Novice reps are required to prove themselves by targeting accounts with less than 6 systems or under 50,000 per month in total copies. During this program they receive very close interaction with senior reps, their manager and our experienced systems engineers. It is highly unusual that they conduct a product/solution presentation on their own. They are "hunters" for 12 to 18 months, that can make a very attractive income. While learning the technology which we realize can be overwhelming.

Along the way they learn how to be effective at making appointments with decision makers. Then they learn how to uncover a business' applications and document flow. This is the the most critical part of the business, uncovering the way a business communicates with their internal and external clients. It is the only way we can build a solution and likely the reason we have so many solutions. There are just too many different ways for a business(customer) to tell their story every day that we must be able adapt to as many as possible. We can't do it all, even with all of the solutions available from our manufacturers, and when we encounter a situation that isn't a good fit, then we must accept it and move on to the next one.

It is not as easy as pulling up to your office in the morning and loading up a copier or two in the back of the stationwagon and coming back at the end of the day with two orders. I would say that for the person willing to pay their dues, it can be very fullfilling, fun, competitive, challenging and lucrative. There is nothing better than starting out one day with a decision maker that you catch at the wrong moment, they hang up on you and six months later you have effectively earned time on their calendar, learned more about their business, uncovered areas of pain (known or not), built a solution appropriate to their real needs, and inked paperwork that is mutually beneficial. The best part is when they truly thank you after they realize how you have just increased their overall productivity by 20% or more (given them back several hours a day, week or month to be more competitive in their business), made it easier to communicate with their clients, and taken one or more things off their mind that keep them up at night. You can't do this without all of this overwhelming technology.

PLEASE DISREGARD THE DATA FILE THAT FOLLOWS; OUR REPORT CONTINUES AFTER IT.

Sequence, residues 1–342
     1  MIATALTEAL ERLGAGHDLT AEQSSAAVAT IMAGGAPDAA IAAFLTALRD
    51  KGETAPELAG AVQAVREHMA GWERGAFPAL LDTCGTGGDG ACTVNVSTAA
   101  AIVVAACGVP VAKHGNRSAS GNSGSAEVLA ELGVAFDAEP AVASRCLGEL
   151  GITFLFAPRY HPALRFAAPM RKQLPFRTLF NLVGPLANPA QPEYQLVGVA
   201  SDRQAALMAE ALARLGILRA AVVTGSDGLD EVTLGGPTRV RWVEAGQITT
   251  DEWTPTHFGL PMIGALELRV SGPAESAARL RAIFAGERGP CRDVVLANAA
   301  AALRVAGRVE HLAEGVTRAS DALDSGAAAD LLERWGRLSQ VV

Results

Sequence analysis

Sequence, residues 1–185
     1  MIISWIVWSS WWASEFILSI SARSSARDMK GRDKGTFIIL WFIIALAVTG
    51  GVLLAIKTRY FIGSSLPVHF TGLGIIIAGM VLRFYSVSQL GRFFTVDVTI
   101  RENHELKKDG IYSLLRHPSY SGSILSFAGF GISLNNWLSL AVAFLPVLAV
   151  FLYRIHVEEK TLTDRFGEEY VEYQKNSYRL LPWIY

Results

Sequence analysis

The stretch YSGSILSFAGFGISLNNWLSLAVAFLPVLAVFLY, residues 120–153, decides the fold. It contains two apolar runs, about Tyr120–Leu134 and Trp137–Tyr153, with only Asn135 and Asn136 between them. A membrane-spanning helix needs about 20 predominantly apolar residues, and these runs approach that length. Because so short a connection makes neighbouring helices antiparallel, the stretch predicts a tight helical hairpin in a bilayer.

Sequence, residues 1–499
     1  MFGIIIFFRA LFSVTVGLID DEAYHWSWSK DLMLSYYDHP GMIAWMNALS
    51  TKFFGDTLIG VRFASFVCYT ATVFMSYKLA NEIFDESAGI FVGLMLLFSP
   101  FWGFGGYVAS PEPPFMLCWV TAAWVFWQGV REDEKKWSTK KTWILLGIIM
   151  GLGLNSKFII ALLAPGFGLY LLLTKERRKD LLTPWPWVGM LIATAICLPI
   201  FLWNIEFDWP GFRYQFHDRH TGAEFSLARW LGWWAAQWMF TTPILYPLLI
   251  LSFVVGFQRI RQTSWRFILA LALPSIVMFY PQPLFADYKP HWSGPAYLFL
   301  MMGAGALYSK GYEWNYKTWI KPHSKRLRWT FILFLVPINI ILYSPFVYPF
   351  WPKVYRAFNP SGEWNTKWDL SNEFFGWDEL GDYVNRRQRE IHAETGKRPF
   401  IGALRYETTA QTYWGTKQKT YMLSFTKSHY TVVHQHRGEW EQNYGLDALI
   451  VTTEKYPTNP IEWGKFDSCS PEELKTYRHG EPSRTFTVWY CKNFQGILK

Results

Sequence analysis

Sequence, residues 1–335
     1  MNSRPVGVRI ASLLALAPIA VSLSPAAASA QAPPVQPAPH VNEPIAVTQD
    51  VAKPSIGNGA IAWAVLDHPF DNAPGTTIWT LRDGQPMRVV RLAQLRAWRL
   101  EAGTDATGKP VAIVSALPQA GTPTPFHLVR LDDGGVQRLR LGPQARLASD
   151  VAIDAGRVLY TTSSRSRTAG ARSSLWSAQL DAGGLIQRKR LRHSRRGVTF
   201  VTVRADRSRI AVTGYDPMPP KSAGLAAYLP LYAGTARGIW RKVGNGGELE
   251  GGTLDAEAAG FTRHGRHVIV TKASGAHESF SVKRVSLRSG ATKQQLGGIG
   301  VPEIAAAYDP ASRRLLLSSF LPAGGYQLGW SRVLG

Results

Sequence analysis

New reps coming into the business really need to interview the company as much as the interviews them. It is important to strike the right balance of giving it your all, while at the same time receiving the support in areas that are not critical to the sales process. The business is extremely rewarding and if they happen upon a dealership that markets products from the Ricoh Family Group, then they have one of the most valuable tools at their resource in the Print 4 Pay Hotel.

-Greg
Great Article

The biggest problem we have had lately is product inconsistency from RICOH. Each new system has or does something slightly, but significantly, different from the last one released. The 2035 was a step up from the 1035/45 but even with the advancements it was still lacking the SMTP authentication that we had previously. Then comes the 2022/27 with major advances in scanning (SMB,FTP,LDAP) and enhanced fax features, etc…

Its great to tout the “new technologies” of the latest systems but if during qualify it is determined the customers needs are more in line with a 2035 then you have to be careful. You don’t want to confuse the customer regarding the systems capabilities nor do you want to leave them with the feeling that they are not getting the latest and greatest.

We are hoping the 2022/27 is a core product, feature-wise, for the near future. And have spent a lot of time training on it. But who knows?

It’s difficult for reps to know all the slight inconsistencies and when qualifying a prospect. Consequently it can make it even more confusing for our customers.

Add Reply

Likes (0)
Post
×
×
×
×
×